Sometimes, God follows these words of encouragement with something that just shouts, "see God is in this!"  And that happened two days after my morning devotion which told me, "do not be afraid."  I found that a good friend of mine will be coming to serve the church I am leaving.  So the church I love will be ministered to by someone I love.  God said, "see I told you, nothing to worry about." 

Of course there are still concerns.  Did I mention packing?  Ugh!  There are stresses that come from transitioning to a new job, moving to a new community, leaving people you love, and in all of these things I can know with surety I do not need to be afraid. 

Monday, March 22, 2010

Sunday, March 14, 2010

Not What I Want, But What You Want

Sermon March 14, 2010 on Mark 14:32-36.  Continuing today in the Lenten Sermon Series on the Prayers of Jesus.  Today's focus is prayers of surrender.  Do we surrender our will to Jesus?  What does it really mean to surrender?

Saturday, March 13, 2010

On Suffering

In Romans 5:1-5 we read:
Therefore, since we are justified by faith, we have peace with God through our Lord Jesus Christ, through whom we have obtained access to this grace in which we stand; and we boast in our hope of sharing the glory of God. And not only that, but we also boast in our sufferings, knowing that suffering produces endurance, and endurance produces character, and character produces hope, and hope does not disappoint us, because God’s love has been poured into our hearts through the Holy Spirit that has been given to us.

Suffering is something we shy away from, and certainly we cannot imagine boasting in our suffering.  And yet here we have scripture telling us "we boast in our suffering."  How does this work?  How does one truly 'boast' in one's suffering?"  How can we as the people of God and the body of Christ, who truly suffered, bring hope to others who are struggling under the burden of their own struggling.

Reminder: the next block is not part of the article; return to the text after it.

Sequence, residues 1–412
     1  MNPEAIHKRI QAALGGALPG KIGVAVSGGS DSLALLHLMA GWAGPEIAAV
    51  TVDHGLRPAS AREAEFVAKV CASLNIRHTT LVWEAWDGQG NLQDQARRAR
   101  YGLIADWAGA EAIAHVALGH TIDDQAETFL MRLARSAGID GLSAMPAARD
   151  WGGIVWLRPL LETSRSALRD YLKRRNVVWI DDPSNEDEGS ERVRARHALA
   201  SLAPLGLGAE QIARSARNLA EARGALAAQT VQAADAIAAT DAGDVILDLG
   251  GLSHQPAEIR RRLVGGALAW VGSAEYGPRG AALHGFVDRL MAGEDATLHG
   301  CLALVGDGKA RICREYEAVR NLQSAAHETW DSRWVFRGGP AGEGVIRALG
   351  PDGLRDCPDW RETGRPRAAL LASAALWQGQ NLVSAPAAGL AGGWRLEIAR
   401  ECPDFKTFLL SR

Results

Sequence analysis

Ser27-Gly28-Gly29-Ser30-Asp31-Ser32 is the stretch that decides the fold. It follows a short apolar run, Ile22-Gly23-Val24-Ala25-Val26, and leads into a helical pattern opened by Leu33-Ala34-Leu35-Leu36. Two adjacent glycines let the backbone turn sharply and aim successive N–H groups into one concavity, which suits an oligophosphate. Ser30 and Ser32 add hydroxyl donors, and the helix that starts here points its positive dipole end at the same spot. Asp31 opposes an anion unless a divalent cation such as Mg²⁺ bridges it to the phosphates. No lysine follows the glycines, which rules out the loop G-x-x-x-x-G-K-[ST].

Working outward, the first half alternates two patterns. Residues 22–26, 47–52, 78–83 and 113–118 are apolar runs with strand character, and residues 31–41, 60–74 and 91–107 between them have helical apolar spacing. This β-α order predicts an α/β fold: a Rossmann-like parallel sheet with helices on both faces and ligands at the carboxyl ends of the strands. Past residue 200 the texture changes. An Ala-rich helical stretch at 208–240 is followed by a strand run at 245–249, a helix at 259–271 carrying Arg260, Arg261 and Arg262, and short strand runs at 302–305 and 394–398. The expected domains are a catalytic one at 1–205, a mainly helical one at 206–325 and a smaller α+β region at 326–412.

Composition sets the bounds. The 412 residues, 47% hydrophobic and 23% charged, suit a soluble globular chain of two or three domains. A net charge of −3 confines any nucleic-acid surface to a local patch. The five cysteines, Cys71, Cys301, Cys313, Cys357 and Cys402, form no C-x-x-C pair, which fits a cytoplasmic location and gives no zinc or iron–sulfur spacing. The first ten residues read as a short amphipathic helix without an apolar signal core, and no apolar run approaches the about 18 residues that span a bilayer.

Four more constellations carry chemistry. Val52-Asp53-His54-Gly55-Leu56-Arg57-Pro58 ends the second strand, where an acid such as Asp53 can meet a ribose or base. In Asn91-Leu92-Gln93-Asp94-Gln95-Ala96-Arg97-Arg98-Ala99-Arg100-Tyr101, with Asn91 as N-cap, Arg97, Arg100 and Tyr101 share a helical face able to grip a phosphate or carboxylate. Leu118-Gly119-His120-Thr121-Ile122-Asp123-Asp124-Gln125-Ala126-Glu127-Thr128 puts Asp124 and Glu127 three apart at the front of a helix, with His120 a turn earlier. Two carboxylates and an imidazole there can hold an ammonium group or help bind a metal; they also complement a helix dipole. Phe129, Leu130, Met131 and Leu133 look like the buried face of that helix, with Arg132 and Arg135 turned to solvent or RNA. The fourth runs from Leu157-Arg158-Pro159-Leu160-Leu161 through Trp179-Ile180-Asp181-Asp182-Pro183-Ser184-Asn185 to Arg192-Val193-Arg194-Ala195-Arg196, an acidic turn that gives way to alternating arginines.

In recent conversations I have had with others about 'suffering,' it seems that many people feel that suffering comes from God.  Suffering from God comes either directly, in that God gave it to them to either test them or punish them, or indirectly, in that God allowed their suffering.  This understanding can be harmful, even damaging, to those who are struggling and really need a message of love and grace from God.  The people who view suffering this way seem to have an attitude of "poor me," but console themselves in their suffering with the understanding that God must be shoring them up for something really difficult in the future."  It seems they want to be tested by God in this way, but really what is their alternative in their way of thinking?  If it weren't God testing them, then their suffering is coming from God as punishment, or that God is allowing this suffering to happen to them, which brings about feelings of abandonment.  Their outlook is pessimistic to say the least.  Therefore, when things are going well in their lives, they cringe in fear of the next struggle that will come their way, never enjoying anything in life.